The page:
Hacking is not really a new concept. In fact, the idea of breaking into a business to steal information, make a quick buck, or simply wreak havoc has been around pretty much as long as there have been businesses. The advent of online technologies has just upped the ante, so to speak, by increasing B2C connections and centralizing the data, making for a virtual smorgasbord that criminals can’t ignore.
Even worse, hackers are ahead of the game. They’re constantly finding new ways to break down defenses, exploit chinks in the armor, and defeat protective measures. This, of course, is also nothing new.
Build a better lock and thieves will find ways around it. The difficulty, as always, is that one party plays by the rules and the other delights in breaking them. That said, you can’t suffer the slings and arrows of outrageous fortune without at least trying to protect yourself.
At the very least there are privacy laws in place that mandate some effort on your part to protect the sensitive information entrusted to you by customers. That said, you also have an ethical responsibility to treat confidential information with the utmost care, and frankly, your business will suffer the most if that data is compromised, thanks to government penalties, possible lawsuits, and a damaged reputation.
What can you do? As it turns out, you can do a lot. Many businesses are sorely in need of increased protection from hackers. In some cases pricy upgrades are needed, but others rely on pure common sense. Here are some strategies to help you protect against the most common hack attacks.
Don’t Be an Easy Target
As in the real world, many crimes in the online arena are crimes of opportunity. Hackers are predators – why work hard for a kill when there are so many easy pickings available? If you’re not protecting yourself adequately, your company will pay the price.
Although the headlines often feature only the highest-profile hacks on mega-corporations, it’s much more common for small businesses to be targeted and compromised simply because they don’t have the same level of protection as their larger brethren. If you want to secure yourself against the most common attacks, you need to at least take basic measures.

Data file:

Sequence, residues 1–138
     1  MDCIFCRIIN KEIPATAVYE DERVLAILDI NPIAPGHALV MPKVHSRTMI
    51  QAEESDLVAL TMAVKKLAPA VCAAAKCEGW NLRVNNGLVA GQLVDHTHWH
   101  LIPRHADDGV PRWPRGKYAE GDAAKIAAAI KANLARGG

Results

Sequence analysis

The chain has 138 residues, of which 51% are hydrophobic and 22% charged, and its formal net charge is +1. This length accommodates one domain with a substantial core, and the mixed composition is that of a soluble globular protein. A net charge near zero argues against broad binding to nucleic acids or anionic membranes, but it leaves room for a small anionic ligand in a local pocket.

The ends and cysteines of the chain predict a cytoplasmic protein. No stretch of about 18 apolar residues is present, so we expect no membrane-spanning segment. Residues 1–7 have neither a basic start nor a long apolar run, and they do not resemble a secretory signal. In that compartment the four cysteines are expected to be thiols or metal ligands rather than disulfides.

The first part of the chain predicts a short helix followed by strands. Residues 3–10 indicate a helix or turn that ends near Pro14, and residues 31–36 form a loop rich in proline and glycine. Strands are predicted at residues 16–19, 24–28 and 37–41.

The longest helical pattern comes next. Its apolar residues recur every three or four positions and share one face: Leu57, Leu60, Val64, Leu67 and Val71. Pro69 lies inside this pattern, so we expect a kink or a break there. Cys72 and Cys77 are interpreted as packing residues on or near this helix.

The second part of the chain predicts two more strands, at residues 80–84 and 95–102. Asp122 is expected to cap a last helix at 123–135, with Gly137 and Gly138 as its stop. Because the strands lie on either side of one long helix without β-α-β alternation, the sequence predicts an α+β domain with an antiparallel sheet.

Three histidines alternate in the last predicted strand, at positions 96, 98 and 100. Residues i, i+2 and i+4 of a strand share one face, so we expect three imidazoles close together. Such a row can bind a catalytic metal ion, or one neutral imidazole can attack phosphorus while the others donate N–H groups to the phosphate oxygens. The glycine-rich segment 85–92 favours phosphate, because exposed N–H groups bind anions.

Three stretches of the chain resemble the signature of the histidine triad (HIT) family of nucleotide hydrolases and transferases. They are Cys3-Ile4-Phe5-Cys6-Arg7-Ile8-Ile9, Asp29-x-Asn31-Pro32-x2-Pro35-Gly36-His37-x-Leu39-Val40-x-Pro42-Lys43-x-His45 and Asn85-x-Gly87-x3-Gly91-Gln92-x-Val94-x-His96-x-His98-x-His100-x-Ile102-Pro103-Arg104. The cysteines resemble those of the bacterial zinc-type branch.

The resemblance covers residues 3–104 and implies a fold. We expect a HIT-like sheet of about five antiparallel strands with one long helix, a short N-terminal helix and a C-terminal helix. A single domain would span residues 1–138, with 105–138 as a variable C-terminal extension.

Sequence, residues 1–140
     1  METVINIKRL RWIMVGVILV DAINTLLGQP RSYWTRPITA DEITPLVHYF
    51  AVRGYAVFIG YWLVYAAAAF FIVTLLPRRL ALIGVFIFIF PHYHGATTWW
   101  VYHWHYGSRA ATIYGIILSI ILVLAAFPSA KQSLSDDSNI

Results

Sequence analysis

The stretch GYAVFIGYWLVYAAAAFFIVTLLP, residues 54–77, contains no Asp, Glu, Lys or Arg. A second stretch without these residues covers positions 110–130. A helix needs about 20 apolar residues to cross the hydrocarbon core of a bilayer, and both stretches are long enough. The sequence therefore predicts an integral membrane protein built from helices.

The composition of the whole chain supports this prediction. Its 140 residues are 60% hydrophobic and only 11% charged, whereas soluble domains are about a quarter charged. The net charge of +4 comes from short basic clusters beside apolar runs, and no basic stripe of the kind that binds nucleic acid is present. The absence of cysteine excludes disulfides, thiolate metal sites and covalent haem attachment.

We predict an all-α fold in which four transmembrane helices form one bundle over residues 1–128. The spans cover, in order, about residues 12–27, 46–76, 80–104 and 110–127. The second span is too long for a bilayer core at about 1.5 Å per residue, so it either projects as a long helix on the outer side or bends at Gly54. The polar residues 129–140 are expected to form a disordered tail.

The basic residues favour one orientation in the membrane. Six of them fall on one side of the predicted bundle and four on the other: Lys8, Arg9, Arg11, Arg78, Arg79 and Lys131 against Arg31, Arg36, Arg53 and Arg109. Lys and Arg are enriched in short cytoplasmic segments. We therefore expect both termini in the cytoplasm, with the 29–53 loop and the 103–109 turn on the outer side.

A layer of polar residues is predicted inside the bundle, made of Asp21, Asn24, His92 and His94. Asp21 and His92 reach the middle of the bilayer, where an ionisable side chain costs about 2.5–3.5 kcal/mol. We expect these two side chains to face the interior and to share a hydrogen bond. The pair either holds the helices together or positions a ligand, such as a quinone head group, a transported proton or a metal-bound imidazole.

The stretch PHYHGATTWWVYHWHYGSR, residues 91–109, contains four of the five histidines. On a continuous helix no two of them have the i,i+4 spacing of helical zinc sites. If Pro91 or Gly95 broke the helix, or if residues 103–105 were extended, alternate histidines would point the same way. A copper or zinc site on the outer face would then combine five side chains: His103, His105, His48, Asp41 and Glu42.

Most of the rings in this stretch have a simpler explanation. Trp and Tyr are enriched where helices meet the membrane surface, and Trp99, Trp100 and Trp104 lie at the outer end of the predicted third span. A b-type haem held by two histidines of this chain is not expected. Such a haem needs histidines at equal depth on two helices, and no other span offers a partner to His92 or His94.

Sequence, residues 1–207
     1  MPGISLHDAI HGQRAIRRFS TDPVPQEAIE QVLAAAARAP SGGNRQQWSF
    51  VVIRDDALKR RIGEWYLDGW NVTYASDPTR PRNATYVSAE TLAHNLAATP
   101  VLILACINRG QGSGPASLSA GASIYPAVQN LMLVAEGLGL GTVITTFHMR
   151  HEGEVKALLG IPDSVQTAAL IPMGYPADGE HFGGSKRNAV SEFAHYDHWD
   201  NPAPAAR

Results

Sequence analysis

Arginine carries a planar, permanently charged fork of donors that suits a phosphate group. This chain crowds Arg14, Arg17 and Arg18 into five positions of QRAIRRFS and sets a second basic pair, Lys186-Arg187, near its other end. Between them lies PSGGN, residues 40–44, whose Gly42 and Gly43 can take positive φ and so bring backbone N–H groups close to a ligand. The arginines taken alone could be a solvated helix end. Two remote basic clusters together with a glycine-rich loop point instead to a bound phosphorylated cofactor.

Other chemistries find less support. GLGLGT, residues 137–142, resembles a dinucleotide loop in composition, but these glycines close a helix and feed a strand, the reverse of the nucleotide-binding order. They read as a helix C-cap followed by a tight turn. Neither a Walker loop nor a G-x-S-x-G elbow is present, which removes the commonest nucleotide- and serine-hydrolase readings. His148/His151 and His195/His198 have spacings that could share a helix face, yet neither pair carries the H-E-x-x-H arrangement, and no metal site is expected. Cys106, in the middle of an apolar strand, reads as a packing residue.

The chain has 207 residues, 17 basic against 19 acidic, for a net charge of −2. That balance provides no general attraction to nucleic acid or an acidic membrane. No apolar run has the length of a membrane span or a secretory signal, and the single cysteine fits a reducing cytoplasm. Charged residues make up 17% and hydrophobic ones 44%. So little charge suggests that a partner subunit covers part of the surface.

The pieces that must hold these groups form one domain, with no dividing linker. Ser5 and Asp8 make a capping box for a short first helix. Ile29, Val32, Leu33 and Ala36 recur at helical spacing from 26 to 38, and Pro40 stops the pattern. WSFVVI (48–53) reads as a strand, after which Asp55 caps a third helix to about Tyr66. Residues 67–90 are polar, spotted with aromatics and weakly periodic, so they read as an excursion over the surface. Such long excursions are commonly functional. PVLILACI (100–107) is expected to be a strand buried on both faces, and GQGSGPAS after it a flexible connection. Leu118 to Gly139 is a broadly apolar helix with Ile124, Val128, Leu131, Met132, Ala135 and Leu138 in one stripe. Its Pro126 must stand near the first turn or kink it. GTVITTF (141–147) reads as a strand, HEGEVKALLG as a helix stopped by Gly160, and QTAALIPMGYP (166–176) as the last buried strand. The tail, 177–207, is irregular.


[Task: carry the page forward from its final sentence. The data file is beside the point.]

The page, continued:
A firewall is pretty much a given, as is antivirus/anti-spyware software. However, you can do a lot more on behalf of your company and your clients. For starters, you’re going to need a web application firewall (WAF) to protect your online operations the same way you protect your internal network.
From there you can consider more aggressive options like using encryption software, hiding your website’s CMS with security applications, and employing a third-party monitoring service, just for example. These measures can cost you, but likely not as much as a data breach will, and you can pick and choose the options that work best for your business.
Focus on Login Controls
One of the easiest points of ingress for hackers is often customer or employee logins. The good news is that you can do a lot to stymie hackers on this front.
Strong password requirements are a must, but you should also prompt users to change their password frequently and automatically log users out after short periods of inactivity. You can also use login software that doesn’t auto-populate fields.
If the password is wrong, don’t allow the username to display even if it was correct – clear all fields for additional login attempts and freeze the account following successive fails to log in. Two-step verification is also becoming more popular for added security.
Your protective tools are only as good as the people using them. Your password protections, for example, are worthless if users allow easy access to login information. Your firewalls can’t protect against ignorant behavior.
Training is therefore an essential element of protection. You may have software that warns network users about dangerous websites, but you also need to train them to navigate away instead of ignoring these warnings and behaving in a foolhardy manner.
Employees should also be warned against opening suspicious emails or clicking harmful links. With proper training your employees and even your customers can be taught how not to facilitate data breaches.
If you want to protect against hackers you may have to hire professional help. Whether you employ an on-site IT staff or you contract with third-party service providers, you should update and maintain your hardware and software regularly, monitor your network, and implement a system of alerts that warns you of suspicious activity. Early warning of hacking activity can be a very valuable protective measure.